At xDesign our team retros (retrospectives) are a core part of our agile product development process. Typically these are run in a room together, using physical post-it notes and encouraging team discussion and collaboration. Now that this is no longer possible, we’ve tested a number of tools and Metro Retro has come out on top. Find out why it is our team favourite.
So what is Metro Retro?
As the name suggests, Metro Retro is designed for running agile retro sessions and, like Miro, it’s essentially a virtual whiteboard with sticky notes. A retro (retrospective) is a key element of agile digital product development. It’s an important process that enables our teams to reflect on their work on a regular basis and make adjustments based on lessons learned. Depending on the preferences of the project manager and the team, there are many different ways of running a retro, but Metro Retro has the flexibility and customisation features to support this choice.
We’re using Metro Retro for facilitating retros right across xDesign’s projects and it’s a great way of achieving what you would do together in a room as a team, but doing it virtually. It’s also versatile – you could use Metro Retro as a product management board, for discovery sessions, designing kanban boards and even managing product backlogs, however where it really shines is in retrospectives.
What do we like about it?
It’s super easy to use. A good example is that we used Metro Retro to facilitate an internal company-wide team retro, to assess how we were all getting on working from home. Even those new to the tool didn’t need to read the tutorials, because it was so intuitive – within 10 minutes, you can have it up and running virtually via Google Hangouts. It’s easy to access, features a variety of agile- based templates that are simple to set up, and many people can use it at the same time.
It’s well designed too – the timer on the screen helps to keep the meeting on track and you can give everyone time limits for submitting feedback.
There are lots of other great features. For instance, everyone can write their sticky notes in private and then reveal them simultaneously. That way, nobody’s tempted to copy anyone else and you tend to get a more honest response. This is a subtle, yet incredibly powerful feature - never underestimate the human urge to conform, or tendencies to mimic!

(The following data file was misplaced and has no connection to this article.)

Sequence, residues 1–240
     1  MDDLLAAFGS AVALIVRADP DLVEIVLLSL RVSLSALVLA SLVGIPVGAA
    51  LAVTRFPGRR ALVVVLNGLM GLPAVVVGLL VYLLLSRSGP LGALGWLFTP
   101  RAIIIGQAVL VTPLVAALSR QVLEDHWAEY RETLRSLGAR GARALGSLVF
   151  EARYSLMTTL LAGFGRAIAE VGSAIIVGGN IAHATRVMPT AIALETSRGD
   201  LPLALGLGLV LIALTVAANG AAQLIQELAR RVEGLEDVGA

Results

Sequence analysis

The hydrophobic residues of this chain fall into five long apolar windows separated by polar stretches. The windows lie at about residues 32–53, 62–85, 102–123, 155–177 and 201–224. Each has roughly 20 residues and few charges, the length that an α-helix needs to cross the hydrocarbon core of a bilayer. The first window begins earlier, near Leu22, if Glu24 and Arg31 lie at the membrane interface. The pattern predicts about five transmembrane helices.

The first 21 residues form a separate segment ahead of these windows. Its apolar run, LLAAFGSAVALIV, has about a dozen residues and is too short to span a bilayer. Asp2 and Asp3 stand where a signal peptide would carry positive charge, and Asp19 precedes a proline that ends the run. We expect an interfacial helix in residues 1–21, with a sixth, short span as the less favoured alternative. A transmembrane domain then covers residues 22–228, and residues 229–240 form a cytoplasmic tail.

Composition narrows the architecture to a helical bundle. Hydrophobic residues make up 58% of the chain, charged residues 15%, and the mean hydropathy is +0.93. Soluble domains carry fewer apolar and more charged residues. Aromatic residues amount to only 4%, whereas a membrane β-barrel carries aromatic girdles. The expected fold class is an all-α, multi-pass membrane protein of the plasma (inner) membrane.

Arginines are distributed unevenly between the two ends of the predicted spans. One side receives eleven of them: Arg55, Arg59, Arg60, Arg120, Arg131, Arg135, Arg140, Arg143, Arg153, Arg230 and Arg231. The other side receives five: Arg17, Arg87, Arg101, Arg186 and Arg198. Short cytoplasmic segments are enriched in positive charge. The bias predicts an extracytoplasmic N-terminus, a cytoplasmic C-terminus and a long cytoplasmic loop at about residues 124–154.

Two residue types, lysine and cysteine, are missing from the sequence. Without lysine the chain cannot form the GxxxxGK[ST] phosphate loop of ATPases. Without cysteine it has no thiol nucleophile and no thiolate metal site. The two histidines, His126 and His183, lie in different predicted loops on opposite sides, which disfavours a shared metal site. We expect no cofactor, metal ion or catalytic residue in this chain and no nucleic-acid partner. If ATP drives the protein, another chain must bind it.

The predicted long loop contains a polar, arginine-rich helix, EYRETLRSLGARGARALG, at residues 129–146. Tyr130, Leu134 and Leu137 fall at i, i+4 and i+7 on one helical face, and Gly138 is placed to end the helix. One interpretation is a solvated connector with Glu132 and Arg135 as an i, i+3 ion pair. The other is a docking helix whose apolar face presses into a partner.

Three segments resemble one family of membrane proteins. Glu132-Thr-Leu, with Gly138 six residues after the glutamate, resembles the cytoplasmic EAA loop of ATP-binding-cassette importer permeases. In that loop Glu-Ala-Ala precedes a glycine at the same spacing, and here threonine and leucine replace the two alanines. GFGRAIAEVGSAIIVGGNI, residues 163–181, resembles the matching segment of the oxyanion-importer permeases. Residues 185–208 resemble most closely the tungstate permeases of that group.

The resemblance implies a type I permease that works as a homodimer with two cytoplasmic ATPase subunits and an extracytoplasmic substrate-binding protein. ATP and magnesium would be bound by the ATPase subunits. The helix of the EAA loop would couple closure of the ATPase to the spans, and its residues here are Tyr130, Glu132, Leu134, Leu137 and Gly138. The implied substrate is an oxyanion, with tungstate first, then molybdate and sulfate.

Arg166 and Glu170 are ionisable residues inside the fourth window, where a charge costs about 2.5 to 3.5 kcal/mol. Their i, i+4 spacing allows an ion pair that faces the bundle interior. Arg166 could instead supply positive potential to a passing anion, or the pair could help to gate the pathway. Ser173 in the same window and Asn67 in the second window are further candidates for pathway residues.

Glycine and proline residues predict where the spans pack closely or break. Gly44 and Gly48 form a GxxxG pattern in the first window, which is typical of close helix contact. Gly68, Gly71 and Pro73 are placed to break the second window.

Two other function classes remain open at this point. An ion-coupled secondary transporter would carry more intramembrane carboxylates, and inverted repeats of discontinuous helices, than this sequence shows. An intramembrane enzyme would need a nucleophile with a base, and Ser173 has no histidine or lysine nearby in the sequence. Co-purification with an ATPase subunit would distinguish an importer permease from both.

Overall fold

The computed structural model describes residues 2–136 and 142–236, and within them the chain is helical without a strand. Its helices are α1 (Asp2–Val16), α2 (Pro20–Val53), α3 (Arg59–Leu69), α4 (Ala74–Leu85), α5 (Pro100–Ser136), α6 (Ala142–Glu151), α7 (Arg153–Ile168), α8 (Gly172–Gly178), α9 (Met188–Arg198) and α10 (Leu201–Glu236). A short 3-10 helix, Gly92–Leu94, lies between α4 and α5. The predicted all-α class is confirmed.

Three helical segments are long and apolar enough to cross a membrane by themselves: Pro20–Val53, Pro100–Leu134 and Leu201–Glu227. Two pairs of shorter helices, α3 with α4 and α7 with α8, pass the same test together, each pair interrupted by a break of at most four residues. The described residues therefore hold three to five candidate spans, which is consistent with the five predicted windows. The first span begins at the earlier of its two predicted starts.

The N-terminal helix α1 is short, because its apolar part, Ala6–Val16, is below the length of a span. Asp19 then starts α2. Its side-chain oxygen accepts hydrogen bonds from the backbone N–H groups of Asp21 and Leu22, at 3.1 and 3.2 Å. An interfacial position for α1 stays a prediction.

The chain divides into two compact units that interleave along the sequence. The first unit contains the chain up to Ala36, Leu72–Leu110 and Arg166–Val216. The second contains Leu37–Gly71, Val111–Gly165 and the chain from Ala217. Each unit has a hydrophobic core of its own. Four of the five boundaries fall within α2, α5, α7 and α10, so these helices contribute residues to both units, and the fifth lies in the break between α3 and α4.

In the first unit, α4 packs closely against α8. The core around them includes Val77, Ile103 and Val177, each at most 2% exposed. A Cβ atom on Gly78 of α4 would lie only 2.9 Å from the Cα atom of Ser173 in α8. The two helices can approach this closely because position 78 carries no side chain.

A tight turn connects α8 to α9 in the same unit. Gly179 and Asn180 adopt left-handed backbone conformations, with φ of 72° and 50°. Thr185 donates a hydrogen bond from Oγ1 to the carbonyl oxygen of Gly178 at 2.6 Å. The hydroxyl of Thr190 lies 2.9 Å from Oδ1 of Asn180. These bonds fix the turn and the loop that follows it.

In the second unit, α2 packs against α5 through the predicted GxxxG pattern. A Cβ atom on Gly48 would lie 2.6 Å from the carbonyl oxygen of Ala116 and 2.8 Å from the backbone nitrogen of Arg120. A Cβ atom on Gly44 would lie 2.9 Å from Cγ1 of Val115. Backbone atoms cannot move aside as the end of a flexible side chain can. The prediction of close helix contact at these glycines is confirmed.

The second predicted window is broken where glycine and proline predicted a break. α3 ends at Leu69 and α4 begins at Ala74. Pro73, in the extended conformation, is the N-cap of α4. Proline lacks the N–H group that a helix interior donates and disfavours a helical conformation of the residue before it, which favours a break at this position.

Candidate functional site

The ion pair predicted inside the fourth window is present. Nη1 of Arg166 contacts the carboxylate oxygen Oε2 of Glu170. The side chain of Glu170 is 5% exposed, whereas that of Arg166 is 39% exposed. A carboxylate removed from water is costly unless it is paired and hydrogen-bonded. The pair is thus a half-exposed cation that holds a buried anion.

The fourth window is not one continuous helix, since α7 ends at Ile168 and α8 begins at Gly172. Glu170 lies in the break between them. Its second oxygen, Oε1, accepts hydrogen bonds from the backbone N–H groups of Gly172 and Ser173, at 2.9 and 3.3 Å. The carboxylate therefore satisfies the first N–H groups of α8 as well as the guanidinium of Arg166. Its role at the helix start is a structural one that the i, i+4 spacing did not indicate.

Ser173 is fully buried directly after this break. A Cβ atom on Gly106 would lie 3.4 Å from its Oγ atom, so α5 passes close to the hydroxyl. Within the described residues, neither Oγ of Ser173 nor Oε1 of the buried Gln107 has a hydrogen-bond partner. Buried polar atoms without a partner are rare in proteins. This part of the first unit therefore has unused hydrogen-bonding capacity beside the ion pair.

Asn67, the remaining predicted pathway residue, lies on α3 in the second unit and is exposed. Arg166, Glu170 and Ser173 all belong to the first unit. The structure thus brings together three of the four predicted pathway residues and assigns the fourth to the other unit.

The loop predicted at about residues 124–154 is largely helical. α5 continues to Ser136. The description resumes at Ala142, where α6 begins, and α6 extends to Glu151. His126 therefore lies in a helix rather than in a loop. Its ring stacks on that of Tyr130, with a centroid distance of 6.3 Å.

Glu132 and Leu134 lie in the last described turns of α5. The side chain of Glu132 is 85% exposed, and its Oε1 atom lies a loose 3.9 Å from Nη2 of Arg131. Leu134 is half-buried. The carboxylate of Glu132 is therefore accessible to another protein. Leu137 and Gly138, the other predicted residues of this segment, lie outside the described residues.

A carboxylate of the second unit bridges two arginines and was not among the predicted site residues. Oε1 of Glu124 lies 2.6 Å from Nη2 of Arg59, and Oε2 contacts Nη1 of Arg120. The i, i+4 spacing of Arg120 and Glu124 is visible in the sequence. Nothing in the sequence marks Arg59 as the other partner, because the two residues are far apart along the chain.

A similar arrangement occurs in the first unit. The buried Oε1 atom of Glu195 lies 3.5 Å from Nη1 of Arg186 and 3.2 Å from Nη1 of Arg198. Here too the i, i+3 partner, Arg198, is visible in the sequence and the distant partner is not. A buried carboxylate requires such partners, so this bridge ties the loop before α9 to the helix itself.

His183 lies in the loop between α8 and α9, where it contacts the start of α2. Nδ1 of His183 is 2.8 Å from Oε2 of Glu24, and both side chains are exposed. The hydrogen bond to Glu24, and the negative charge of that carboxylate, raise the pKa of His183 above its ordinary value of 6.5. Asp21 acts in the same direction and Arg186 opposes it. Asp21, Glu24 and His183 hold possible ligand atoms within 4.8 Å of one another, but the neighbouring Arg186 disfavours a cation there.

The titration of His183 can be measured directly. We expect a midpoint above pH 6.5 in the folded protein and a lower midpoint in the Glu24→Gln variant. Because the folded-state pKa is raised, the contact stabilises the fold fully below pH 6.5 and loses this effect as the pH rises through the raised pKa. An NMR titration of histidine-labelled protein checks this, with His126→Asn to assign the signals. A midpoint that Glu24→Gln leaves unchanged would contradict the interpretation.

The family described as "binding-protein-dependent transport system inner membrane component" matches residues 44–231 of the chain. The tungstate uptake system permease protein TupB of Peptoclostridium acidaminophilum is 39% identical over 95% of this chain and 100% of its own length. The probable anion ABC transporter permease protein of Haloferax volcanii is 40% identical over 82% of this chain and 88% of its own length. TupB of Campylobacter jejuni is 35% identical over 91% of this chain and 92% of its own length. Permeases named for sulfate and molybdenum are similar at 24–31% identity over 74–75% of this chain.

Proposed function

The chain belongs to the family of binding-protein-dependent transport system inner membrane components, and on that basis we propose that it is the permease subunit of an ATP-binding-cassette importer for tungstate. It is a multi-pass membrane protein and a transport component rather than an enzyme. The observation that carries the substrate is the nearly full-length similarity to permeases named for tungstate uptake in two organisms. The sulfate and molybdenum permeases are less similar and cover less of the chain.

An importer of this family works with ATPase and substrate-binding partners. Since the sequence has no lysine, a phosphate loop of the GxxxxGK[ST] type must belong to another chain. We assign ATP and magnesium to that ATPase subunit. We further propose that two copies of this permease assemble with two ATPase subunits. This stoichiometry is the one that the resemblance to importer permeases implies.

There’s also a handy grouping tool which you can use to pull together tickets with similar themes, and you can import images to brand up sessions for clients. So a good combination of features offering ease of use, with those affording & protecting insight.
Often, retros can start to feel a bit ‘samey’ so It’s good that Metro Retro is fun too, which helps with team engagement. For instance, if someone has a particularly bright idea, you can celebrate with a party popper that showers the board with confetti. This might sound like a trivial feature, but celebration is an important part of retrospectives and it’s great to see that being encouraged in this tool. And as you would expect, you can also encourage collaboration by allowing comments and discussion around a particular theme.
And there’s one other huge plus – Metro Retro is currently free to use.
You can take a screenshot of your session but there’s a lack of good export options. The only other stumbling block we’ve hit so far is that there’s no obvious way of deleting projects, so you could end up with quite a large archive.
Any user tips?
Be very clear at the start of the session about how you are going to facilitate it, otherwise you could lose control. And make use of the voting tool. If you have a lot of actions on the board, you can use that to prioritise what happens next. People sometimes have complicated views about what should be happening with a project but, if you get everyone to vote, you often get a clearer picture above and beyond the noise.
What other tools are we using it alongside?
We are primarily using Metro Retro for facilitating our retros, both internal and external. While we are also exploring other capabilities of the system, we are currently using it alongside Miro and this combination seems to be working well for us. If you would like to find out more about the benefits of using Miro for virtual discovery workshops and wider agile product management, check out our article here.
We’re reviewing a new digital tool each week. Stay tuned for more recommendations from xDesign’s #digitaltoolbox, and to discover more about how we put them to use, for the benefit of our teams & our clients.
If you have any questions about how to enable collaboration and drive productivity within your organisation, please get in touch. We’re always keen to share best practice and ideas.